Tiffin residents OPPOSE BigWind

Boaters say NO to BigWind

Ohio BigWind News and cries to allow them closer to our homes

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Oh my, where to start? Comments on the Ohio Power Siting Board’s proposed rules have been submitted and are posted on the OPSB website at http://dis.puc.state.oh.us/CaseRecord.aspx?CaseNo=16-1109.

Terrence O’Donnell, son of Ohio Supreme Court Justice Terrence O’Donnell, filed two comment letters. One is filed as counsel for the LeedCo Icebreaker project in Lake Erie and the other is on behalf of MAREC (Mid-Atlantic Renewable Energy Coalition). Not surprisingly the comments are full of threats that the proposed rules are so restrictive as to prohibit the development of wind in Ohio. Repeatedly, this cry rises no matter whether the topic is ice throw, shadow flicker, noise, decommissioning, whatever. At one low point, MAREC insists that the word “noise” be eliminated due to its negative connotations and replaced by a more neutral term like…”sound”. Gee, we wonder what the folks at INCE (Institute for NOISE Control Engineering) , the professional association for “noise” would think of that? Sort of like calling 600’ foot tall wind power plant arrays “farms”.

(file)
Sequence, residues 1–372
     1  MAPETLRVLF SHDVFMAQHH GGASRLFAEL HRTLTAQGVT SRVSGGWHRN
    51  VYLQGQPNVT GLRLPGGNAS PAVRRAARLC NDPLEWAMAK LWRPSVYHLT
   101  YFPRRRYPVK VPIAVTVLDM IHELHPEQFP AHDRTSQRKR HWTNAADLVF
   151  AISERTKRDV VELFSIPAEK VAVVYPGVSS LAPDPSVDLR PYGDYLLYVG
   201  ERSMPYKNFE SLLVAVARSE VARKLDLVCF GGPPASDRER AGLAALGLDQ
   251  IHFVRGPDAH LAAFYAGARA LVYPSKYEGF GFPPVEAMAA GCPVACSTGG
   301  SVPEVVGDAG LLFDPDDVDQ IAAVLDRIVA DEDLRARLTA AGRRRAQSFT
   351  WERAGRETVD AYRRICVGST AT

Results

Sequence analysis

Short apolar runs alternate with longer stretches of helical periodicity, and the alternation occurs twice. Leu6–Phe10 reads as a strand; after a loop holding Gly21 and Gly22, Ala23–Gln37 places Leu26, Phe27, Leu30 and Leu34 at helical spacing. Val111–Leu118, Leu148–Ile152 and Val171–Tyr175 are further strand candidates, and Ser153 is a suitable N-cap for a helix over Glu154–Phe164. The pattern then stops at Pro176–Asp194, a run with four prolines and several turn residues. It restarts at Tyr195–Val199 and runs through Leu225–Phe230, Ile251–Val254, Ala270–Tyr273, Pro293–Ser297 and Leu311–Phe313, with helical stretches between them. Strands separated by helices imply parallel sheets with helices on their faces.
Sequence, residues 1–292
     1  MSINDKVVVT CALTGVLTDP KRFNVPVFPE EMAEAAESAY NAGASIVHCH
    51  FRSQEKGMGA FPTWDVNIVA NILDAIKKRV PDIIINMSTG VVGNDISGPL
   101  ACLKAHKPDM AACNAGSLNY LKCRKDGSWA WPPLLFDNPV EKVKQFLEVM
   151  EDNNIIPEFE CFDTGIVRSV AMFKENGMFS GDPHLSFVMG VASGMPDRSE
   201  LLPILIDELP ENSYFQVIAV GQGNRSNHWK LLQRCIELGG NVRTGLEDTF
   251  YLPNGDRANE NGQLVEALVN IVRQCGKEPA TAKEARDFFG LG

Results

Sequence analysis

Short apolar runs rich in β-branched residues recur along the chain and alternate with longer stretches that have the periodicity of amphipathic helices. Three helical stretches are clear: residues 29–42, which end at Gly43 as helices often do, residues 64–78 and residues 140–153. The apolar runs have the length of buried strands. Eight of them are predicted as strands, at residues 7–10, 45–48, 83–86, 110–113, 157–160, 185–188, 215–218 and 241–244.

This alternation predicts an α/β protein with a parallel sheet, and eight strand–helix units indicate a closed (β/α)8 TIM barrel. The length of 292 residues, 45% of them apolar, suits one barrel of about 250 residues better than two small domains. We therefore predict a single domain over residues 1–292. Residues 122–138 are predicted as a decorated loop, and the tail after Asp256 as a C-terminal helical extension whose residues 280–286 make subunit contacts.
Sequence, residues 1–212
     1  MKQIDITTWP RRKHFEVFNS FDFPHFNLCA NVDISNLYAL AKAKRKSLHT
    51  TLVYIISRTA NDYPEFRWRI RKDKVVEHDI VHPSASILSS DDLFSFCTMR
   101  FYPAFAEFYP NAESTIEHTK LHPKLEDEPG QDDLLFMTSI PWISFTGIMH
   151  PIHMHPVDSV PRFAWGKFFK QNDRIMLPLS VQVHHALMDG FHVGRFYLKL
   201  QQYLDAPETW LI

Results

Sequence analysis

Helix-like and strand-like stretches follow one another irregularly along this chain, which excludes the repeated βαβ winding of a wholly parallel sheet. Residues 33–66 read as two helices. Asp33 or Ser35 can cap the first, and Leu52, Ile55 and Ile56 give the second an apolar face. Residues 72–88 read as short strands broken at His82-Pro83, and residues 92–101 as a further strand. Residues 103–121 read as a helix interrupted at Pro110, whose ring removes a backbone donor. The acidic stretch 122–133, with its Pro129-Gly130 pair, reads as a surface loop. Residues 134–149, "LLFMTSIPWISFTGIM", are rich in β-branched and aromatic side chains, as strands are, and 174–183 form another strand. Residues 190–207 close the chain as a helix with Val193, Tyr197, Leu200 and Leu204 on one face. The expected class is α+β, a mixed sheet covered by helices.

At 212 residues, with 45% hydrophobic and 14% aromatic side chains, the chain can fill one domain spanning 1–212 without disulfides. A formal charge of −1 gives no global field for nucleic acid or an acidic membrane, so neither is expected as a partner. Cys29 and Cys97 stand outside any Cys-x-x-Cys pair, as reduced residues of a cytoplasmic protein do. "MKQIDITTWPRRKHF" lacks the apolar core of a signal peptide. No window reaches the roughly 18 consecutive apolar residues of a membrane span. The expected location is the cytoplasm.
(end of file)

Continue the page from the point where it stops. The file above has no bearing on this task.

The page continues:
Consider: MAREC requests that throughout the rules the term “noise” be eliminated and replaced with the term “sound.” “Noise” has a negative connotation that indicates loud, harsh, or disturbing sound. It would be more appropriate to use a descriptive term that is not pejorative. The term “sound” more correctly denotes what is being measured in accordance with the wind farm requirements in new Rule 09. As explained in greater detail below, it is crucial for the wind industry in Ohio that the sound level be measured at an appropriate and reasonable location. MAREC’s concern is that, if the sound level is measured at the property lines (as proposed throughout the rules) wind project development in Ohio will be devastated. Therefore, sound measurements should focus on the applicable residences that could potentially be affected by the sound level, i.e., structures that are inhabited.

It may interest readers to know that noise regulation was originally the province of the US EPA which carried out investigations and studies on noise and its effect on the public health and welfare through the